Pokemon Go: does it really need all those permissions?
Pokemon Go: does it really need all those permissions?

Pokemon Go: 7 tips to keep you safe from hackers

POKEMON Go is breaking new ground in augmented reality gaming.

But according to the makers of award-winning antivirus and malware software protection programs, it is unprecedented in its requests for permissions.

Bitdefender says the demand for Pokemon Go is so high that it has become an obvious target for hackers.

Researchers have already found a malware-infected version of the Pokemon Go app for Android.

The malware, called DroidJack, is part of the AndroRAT family, a remote access Trojan that provides backdoor functionality and access to people's mobile devices.

Bitdefender says Droidjack is not a new threat.

In December 2015, police cracked down on people who bought DroidJack from underground forums where it was sold for around $200.

Police have raided homes across Europe and the US, arresting people suspected of installing the mobile phone malware to spy on their spouse, friends or neighbors.

Pokemon Go warning for iOS users

In a statement, Bitdefender issued a word of warning for players of the game on iOS.

"The Pokémon Go app seems to request more permissions than it needs. Signing into the app via a Google login reportedly gives the developer, Niantic, full access to users' Google accounts.

Niantic says the app can access only basic Google profile information, despite the message in the permissions' window, and is working on a client-side fix. The Android version does not have the same issue.

Word of advice for users planning to download this and other popular mobile games:

1. Beware of rogue applications posing as genuine games. Since Pokemon Go is officially available for download only in the US, Australia and New Zealand, the temptation to download it from third-party market places is huge. Yet copycats may carry malicious code that takes full control of the device, collecting users' personal data and clicking on ads in the process. In fact, 19.55 percent of global threats are fake apps that install malware or highly aggressive adware, according to Bitdefender's Android Threat Report for the second half of 2015. So it's best to download apps only from official app stores.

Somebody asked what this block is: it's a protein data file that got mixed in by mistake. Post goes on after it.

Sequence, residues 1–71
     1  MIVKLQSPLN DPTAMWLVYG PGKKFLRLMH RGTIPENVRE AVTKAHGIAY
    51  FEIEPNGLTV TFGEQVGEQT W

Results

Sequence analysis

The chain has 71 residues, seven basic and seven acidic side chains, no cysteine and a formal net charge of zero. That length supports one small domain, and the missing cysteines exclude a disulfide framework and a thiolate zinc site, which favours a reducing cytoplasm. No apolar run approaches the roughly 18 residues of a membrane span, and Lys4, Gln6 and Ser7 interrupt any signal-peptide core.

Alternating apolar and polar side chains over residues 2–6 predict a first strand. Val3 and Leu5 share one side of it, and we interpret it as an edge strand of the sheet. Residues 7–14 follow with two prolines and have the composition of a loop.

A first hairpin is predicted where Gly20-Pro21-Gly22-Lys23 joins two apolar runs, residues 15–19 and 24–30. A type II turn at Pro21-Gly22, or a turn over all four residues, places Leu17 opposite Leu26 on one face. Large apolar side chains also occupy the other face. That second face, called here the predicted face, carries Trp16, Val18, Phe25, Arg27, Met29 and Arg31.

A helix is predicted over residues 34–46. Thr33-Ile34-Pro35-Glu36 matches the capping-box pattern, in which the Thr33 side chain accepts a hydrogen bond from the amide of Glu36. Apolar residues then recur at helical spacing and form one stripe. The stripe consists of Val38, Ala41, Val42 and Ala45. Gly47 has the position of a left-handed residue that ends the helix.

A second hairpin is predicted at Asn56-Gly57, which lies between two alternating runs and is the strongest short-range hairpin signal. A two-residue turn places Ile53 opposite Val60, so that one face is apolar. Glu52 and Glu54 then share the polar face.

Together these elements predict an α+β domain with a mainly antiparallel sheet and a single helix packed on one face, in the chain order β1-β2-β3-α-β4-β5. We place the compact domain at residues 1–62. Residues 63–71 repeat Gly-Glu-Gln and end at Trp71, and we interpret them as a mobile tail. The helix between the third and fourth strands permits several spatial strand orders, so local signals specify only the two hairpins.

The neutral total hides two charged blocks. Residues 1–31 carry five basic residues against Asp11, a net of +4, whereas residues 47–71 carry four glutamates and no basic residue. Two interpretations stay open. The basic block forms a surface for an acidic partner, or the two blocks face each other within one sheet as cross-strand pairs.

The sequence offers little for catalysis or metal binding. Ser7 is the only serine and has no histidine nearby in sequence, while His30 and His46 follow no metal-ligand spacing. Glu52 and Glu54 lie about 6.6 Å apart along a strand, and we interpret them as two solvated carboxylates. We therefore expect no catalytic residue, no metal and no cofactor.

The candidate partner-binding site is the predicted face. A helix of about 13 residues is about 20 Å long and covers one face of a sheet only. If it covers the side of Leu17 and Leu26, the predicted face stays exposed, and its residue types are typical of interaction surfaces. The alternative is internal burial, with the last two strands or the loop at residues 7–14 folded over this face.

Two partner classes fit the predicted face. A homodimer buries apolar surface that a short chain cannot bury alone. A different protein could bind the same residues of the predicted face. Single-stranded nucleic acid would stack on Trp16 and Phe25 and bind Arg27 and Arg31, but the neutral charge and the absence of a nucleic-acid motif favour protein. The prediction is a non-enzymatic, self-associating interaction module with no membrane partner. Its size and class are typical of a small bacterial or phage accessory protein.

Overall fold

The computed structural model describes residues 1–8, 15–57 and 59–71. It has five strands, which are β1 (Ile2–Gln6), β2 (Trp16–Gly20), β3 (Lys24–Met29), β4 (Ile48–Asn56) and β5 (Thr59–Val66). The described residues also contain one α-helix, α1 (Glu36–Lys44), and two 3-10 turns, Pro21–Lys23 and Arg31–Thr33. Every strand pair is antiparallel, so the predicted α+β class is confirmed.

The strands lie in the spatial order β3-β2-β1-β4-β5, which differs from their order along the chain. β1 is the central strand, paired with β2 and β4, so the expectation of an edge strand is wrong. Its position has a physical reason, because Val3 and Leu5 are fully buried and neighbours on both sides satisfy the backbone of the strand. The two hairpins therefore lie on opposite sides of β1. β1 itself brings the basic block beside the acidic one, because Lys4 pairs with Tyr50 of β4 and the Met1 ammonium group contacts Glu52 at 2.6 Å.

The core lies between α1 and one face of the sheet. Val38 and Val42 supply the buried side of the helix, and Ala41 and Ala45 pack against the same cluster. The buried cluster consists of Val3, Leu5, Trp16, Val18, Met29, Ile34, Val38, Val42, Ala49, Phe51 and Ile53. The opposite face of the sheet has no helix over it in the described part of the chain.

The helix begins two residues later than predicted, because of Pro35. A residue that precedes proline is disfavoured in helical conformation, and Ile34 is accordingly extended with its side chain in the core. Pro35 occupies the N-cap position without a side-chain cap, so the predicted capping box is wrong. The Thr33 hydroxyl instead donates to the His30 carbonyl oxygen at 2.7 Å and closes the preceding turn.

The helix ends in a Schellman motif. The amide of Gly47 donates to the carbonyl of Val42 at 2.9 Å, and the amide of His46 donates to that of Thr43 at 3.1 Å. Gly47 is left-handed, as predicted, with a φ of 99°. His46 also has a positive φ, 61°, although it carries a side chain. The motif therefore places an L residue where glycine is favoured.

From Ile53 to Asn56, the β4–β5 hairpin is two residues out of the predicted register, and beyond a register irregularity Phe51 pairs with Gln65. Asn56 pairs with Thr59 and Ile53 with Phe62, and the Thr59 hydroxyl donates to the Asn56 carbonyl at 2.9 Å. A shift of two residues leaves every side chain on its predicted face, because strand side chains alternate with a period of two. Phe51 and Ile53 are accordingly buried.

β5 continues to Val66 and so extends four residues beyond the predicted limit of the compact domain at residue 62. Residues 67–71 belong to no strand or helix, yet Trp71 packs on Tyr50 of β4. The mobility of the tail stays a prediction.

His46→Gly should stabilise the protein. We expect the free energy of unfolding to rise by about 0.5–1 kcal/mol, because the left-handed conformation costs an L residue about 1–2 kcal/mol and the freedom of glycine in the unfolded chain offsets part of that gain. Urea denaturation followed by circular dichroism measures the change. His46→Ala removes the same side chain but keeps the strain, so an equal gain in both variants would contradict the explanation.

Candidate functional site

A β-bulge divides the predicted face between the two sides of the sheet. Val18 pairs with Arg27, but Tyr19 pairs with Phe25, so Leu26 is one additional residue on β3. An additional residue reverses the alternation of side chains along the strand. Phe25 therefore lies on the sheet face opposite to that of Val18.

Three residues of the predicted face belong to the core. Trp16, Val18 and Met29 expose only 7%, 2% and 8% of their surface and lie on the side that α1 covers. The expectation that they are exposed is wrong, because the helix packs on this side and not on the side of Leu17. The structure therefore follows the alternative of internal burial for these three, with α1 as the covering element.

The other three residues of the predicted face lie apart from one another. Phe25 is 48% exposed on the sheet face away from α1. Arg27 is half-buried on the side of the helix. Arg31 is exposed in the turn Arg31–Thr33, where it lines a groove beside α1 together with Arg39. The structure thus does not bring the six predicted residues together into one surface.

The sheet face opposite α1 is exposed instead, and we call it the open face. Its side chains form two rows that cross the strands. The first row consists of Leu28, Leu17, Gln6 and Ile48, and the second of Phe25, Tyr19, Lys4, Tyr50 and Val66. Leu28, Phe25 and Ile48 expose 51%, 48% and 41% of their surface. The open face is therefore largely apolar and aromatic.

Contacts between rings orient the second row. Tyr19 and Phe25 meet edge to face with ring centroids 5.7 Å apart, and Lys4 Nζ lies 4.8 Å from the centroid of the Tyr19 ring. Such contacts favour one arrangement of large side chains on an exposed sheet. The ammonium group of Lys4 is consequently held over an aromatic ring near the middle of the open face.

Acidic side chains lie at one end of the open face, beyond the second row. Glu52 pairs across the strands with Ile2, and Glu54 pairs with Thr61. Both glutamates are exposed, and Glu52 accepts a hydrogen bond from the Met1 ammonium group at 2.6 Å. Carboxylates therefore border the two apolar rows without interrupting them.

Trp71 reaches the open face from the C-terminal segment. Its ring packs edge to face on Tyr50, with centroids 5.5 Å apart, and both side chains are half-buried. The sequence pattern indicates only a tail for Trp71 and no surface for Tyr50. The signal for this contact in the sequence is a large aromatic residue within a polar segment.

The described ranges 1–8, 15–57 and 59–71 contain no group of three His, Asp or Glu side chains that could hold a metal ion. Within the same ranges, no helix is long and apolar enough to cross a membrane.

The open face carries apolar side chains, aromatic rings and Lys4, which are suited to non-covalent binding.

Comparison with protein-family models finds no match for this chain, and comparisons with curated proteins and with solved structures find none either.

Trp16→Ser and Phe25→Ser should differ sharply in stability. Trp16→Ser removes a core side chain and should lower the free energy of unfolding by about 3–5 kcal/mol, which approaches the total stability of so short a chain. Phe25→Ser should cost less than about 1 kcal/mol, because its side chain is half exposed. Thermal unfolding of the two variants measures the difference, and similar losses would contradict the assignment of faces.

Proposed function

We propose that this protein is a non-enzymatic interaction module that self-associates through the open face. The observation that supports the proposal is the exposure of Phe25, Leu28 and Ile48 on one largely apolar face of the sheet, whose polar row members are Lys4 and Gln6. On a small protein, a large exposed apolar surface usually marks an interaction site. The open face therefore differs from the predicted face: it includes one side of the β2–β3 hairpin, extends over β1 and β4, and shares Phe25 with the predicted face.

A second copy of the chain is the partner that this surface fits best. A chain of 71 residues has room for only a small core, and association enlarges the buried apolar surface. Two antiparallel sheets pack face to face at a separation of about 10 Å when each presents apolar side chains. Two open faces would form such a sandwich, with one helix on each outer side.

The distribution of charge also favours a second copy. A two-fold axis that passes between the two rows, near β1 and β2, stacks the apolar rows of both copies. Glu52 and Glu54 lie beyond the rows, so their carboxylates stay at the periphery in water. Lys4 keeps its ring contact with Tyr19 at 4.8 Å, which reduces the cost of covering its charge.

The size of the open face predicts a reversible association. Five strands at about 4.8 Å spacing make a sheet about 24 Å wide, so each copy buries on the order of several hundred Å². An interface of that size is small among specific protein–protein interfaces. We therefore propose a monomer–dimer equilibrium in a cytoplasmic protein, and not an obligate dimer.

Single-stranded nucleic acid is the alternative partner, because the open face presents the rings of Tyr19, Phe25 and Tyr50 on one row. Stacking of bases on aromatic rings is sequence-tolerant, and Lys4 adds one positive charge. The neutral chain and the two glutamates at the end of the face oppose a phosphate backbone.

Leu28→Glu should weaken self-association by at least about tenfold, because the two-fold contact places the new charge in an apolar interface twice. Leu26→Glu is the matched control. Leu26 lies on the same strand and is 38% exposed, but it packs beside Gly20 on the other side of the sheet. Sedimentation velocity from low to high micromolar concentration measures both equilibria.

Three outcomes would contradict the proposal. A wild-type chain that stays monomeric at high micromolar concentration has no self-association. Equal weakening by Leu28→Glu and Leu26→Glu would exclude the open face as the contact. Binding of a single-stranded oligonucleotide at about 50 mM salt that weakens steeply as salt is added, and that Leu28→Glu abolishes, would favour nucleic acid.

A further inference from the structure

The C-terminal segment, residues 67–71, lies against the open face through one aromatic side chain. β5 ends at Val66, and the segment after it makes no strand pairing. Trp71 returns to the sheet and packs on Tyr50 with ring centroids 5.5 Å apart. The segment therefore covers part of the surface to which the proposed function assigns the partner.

2. Install a security solution suitable for your mobile device to identify malicious applications before they're installed and discover the privacy impact of apps already installed.

3. When installing an app, review the permissions it requires and remove unnecessary ones. In this case:
• Head to Google's security page and look for Pokémon Go.
• Select Pokémon Go, then click "Remove" to revoke full access.
• Launch the game on your device.

4. Check reviews about the app and the developer before installing a new application.

5. Read the privacy policy or Terms of Service to know how your personal data is handled and who has access to it.

6. As a general rule, don't download fake apps posing as software updates, sent in unrequested emails.

7. Also, avoid jailbreaking your device unless you know how to protect it from threats and can take full responsibility for its security. Jailbreaking will disable the "sandboxing" feature of the iOS, an essential piece of the operating system's security architecture. 

The real-world adventure game also exposes users to physical risks, so stay aware of your surroundings to avoid falling prey to thieves, trespassing and even stumbling on a dead body.

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